[open-science] Share Alike? Or not?

Carl Boettiger cboettig at gmail.com
Thu Jun 14 17:25:39 UTC 2012

I believe I've encountered problems with attribution stacking. Citations
that appear only in the supplement of journals are frequently not counted
in the major commercial citation metrics indices, and many journals limit
the number of citations.

For instance, I programmatically pull data from fishbase.org, which claims
that its content is cc-by-nc, and asks that I attribute authors of the
original paper in which the data was reported.  Since the queries need to
look at all the data to report the subset of numbers that match my query,
shouldn't I probably cite all 47,300 references and not just the hundreds
of sources that provide the final data?

Perhaps more importantly, I find the connection between an attribution
license and an academic citation confusing.  Isn't citation is a cultural
norm, not a legal requirement of copyright?  An attribution license
requires that I acknowledge the author in some unspecified way (i.e. it
isn't clear that I need to acknowledge them in a way that boosts their
citation count in ISI), if I share or remix and share their work.  When I
cite an academic paper, I am not sharing or remixing work.  I feel
uncomfortable with the use of an attribution license to "enforce" citation
practices.  If attribution doesn't equate to academic citation, then
perhaps the problem of "stacking" is more negligible.

On the other hand, if in using data from the repository I should attribute
both the repository and the original source, than the attribution stacking
problem introduced by copyright is a greater burden than the attribution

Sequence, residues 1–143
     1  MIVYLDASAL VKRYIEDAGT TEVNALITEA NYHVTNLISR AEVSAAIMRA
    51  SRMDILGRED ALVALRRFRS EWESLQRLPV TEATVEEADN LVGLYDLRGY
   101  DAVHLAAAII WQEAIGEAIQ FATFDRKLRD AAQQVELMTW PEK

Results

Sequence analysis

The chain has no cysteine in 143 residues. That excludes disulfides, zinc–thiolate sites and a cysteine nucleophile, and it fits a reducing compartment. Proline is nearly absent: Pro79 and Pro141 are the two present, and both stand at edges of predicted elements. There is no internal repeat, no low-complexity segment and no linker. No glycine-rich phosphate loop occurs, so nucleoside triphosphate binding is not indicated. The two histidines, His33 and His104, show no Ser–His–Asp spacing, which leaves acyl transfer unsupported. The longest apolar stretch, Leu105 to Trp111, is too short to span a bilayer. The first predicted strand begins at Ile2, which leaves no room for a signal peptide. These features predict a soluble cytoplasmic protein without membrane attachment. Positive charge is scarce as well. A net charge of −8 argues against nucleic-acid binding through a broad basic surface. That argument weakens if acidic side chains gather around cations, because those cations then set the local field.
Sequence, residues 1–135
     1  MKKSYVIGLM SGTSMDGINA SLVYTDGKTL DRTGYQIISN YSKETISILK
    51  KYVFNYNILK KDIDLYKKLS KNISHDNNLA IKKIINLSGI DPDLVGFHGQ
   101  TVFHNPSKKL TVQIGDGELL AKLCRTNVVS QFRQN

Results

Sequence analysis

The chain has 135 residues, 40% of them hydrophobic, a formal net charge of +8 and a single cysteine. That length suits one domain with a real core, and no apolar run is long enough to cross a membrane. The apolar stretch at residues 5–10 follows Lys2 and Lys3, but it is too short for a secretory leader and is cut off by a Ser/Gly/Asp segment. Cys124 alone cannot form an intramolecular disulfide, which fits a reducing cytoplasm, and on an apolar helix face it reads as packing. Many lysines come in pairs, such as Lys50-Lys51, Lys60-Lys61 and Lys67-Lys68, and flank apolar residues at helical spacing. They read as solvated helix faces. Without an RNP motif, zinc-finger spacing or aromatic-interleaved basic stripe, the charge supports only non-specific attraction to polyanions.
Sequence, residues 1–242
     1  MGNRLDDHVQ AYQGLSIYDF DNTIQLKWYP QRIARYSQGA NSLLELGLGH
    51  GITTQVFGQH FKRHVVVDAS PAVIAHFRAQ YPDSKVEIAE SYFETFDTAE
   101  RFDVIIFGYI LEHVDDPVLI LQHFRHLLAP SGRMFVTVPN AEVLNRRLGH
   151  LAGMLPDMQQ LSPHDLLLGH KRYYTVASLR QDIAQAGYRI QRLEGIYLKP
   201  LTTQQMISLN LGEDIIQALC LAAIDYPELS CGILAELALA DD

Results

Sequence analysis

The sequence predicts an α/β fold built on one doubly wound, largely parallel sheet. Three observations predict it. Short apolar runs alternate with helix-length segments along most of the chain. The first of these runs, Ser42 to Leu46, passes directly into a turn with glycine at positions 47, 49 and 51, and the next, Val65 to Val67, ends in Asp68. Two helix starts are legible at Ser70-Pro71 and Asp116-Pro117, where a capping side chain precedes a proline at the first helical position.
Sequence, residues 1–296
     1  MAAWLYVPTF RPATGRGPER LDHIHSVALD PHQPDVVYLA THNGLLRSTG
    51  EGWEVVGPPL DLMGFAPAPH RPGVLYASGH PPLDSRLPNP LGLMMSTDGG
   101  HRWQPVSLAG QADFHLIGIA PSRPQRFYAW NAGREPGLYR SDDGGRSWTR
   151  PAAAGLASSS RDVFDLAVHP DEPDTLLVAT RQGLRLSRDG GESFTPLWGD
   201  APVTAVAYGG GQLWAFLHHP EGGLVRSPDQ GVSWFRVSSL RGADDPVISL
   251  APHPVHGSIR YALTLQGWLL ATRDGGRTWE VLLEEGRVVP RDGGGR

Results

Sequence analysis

problem introduced by citation practices.  Is this any different than
citing a review or meta-analysis that determines "92 out of 120 studies
showed x" without citing the original articles?  When the goal of citation
was only reproducible research, there is no need to stack those citations
since it is easy to follow the chain.  But if the copyright license on the
data enforces citing all elements in the chain, then it is the terms of
copyright, not citation norms, which pose the greater burden of stacking.

Confused myself,


On Thu, Jun 14, 2012 at 7:51 AM, Diane Cabell <dc at icommons.org> wrote:

> Blush.  Yes, PDDL.
> Not a miner myself, so hard for me to know whether it is a frequent or
> serious problem.  A good question that deserves more than mere assertion.
> There are possible solutions but we don't have any consensus on whether
> they would be acceptable to authors.  As you suggest, one could throw all
> the citations into an attribution database -- whether or not data from any
> particular source was actually used -- and link to it from the resulting
> article/re-use.  But if the article is distributed/archived in hard copy
> version, authors may feel that this pushes them too far away from readers
> to get the recognition they would get if their name actually appeared in
> footnotes of the hard copy.   What if the link rots?  What if the final
> re-use only uses about 4% of all those cite-in-case-of-doubt sources?
>  Would that not be confusing to those who attempt to reproduce results? I
> don't know.  Not technically gifted enough.
> And the precise presentation of the citation could be more burdensome if,
> for example, the author requires any special format (as is possible with CC
> BY) or if all of the required citation elements are not easily obtainable.
> dc
> On Jun 14, 2012, at 2:44 PM, Rufus Pollock wrote:
> > On 14 June 2012 14:31, Diane Cabell <dc at icommons.org> wrote:
> > [...]
> >> Attribution stacking is a serious problem for those who are trying to
> mine
> >> large collections of data.  It can be difficult to track small bits
> that are
> >> pulled out from different sources.  The list of authors to attribute
> might
> >> be longer than the article itself.  Consider using CC Zero or ODbL for
> your
> >> data.
> >
> > Has anyone actually ever found attribution stacking to be a problem? I
> > hear it said quite frequently that this *could* be a problem but it
> > seems to be me there are fairly easy ways to deal with "attribution
> > stacking" so don't think this is really an issue (for more detail on
> > why see these comments from a few years ago:
> > <
> http://blog.okfn.org/2009/02/09/comments-on-the-science-commons-protocol-for-implementing-open-access-data/
> >).
> >
> > Also, as a minor aside, I assume you meant the PDDL (Public Domain
> > Dedication and License) rather than the ODbL in this context (ODbL =
> > Attribution / Share-Alike for data).
> >
> > Rufus
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Carl Boettiger
UC Davis
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